Many people may have had this thought during lockdown. Or perhaps another question: How much money makes us happy? Some have realised how little they have spent superfluous items during the pandemic when our access to, or need for, these items has been limited. Some may have questioned whether they need to return to that level of spending again.
The thing is, unless we discuss the relationship between money and happiness with our students, we leave them open to being influenced without dialogue. And this is where the negative connotations with money come into play. These can be anything from ‘Money is the root of all evil,’ or ‘I have to make as much money as possible at any cost’ and everything in between.
The average salary in the UK is £38,800
Studies have shown that happiness does not increase beyond a certain point (around £50,000)
But that’s still a lot of money.
The bit that often gets missed out of the discussion is what it allows you to do. Where do the happiest people spend their money? Ask students and they often equate money with buying power. And that makes sense. Money allows you to buy fast cars, nice clothes, wonderful food etc… But it also allows you to do things. Serve others. Create something greater than yourself. And again if we don’t discuss this with our students, they’ll be chasing things that they hope will make them happy rather than experiences that could really change their lives.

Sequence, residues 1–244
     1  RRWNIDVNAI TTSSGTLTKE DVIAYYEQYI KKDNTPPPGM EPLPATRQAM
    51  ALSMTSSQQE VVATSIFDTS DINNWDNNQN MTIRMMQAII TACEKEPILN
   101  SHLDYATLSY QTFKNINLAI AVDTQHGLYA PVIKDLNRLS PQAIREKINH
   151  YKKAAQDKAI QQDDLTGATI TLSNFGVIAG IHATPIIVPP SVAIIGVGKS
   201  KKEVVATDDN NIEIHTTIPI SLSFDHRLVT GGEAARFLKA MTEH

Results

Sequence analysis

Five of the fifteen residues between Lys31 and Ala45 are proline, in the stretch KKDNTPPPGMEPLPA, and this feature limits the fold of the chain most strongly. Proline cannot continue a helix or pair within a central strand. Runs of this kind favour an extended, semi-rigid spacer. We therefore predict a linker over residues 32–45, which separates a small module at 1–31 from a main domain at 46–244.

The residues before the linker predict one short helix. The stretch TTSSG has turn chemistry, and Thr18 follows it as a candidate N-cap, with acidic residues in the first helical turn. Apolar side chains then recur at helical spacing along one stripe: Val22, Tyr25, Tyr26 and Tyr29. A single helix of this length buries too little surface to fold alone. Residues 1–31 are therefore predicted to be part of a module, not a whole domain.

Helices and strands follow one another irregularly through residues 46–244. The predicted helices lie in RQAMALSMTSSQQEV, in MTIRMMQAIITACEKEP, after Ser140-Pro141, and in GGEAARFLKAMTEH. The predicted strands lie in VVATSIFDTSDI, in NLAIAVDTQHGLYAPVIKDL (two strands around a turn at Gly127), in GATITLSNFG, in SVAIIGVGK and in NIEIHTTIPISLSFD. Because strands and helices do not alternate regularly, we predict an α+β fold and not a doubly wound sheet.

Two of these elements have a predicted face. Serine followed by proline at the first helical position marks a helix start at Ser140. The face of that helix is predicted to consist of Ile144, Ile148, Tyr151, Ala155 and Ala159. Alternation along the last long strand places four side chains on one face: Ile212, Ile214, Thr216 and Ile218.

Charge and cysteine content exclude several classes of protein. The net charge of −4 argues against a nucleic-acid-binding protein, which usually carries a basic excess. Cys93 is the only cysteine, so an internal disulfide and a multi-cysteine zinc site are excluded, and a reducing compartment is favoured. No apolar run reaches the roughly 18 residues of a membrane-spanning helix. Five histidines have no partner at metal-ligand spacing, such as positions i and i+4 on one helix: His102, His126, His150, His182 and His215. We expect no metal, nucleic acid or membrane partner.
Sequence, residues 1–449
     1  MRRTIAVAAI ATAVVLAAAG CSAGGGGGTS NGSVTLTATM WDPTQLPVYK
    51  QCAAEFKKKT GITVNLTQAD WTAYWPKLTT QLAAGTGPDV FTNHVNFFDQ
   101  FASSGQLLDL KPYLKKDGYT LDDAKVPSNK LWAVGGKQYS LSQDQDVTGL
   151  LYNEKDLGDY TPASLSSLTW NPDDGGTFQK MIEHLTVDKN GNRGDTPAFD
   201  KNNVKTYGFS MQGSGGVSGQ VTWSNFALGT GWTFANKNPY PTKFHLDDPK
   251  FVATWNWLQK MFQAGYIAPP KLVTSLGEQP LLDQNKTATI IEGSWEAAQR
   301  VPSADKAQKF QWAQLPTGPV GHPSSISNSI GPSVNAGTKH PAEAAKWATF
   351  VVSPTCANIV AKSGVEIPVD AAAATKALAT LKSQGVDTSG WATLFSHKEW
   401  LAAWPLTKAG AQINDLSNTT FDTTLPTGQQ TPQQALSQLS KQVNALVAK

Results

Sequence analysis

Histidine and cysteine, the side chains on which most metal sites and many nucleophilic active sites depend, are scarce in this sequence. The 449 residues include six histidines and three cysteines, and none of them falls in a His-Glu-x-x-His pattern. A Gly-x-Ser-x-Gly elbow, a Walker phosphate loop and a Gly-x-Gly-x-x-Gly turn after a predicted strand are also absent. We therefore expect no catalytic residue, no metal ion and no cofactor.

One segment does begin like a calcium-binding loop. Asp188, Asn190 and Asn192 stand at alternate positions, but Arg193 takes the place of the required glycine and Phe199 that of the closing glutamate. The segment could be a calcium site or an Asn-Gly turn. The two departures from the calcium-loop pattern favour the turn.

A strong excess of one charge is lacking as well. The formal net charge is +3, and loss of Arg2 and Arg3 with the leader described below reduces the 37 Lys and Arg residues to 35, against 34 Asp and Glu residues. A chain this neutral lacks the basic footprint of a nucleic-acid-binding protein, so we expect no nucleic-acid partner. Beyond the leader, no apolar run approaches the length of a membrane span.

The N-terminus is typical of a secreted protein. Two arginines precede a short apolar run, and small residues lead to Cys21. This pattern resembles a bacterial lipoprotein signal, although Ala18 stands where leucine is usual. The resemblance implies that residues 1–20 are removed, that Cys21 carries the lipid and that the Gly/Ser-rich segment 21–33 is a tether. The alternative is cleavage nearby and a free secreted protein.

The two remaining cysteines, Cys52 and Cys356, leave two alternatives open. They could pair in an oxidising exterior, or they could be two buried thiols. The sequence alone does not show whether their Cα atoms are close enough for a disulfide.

So the slide deck being sent out this week discusses the power of money with our students and the ability to use it in a way that makes us happy.
It introduces them to ideas on minimalism and the growing movement towards it (with a short video). It also uses a video to introduce them to research that suggests money can indeed make you happy, but when you don’t spend it on yourself.
What if we could get students to not aspire towards money for money’s sake only (which is fine by the way) but also as a tool to ensure experiences that allow them to have more fulfilling lives?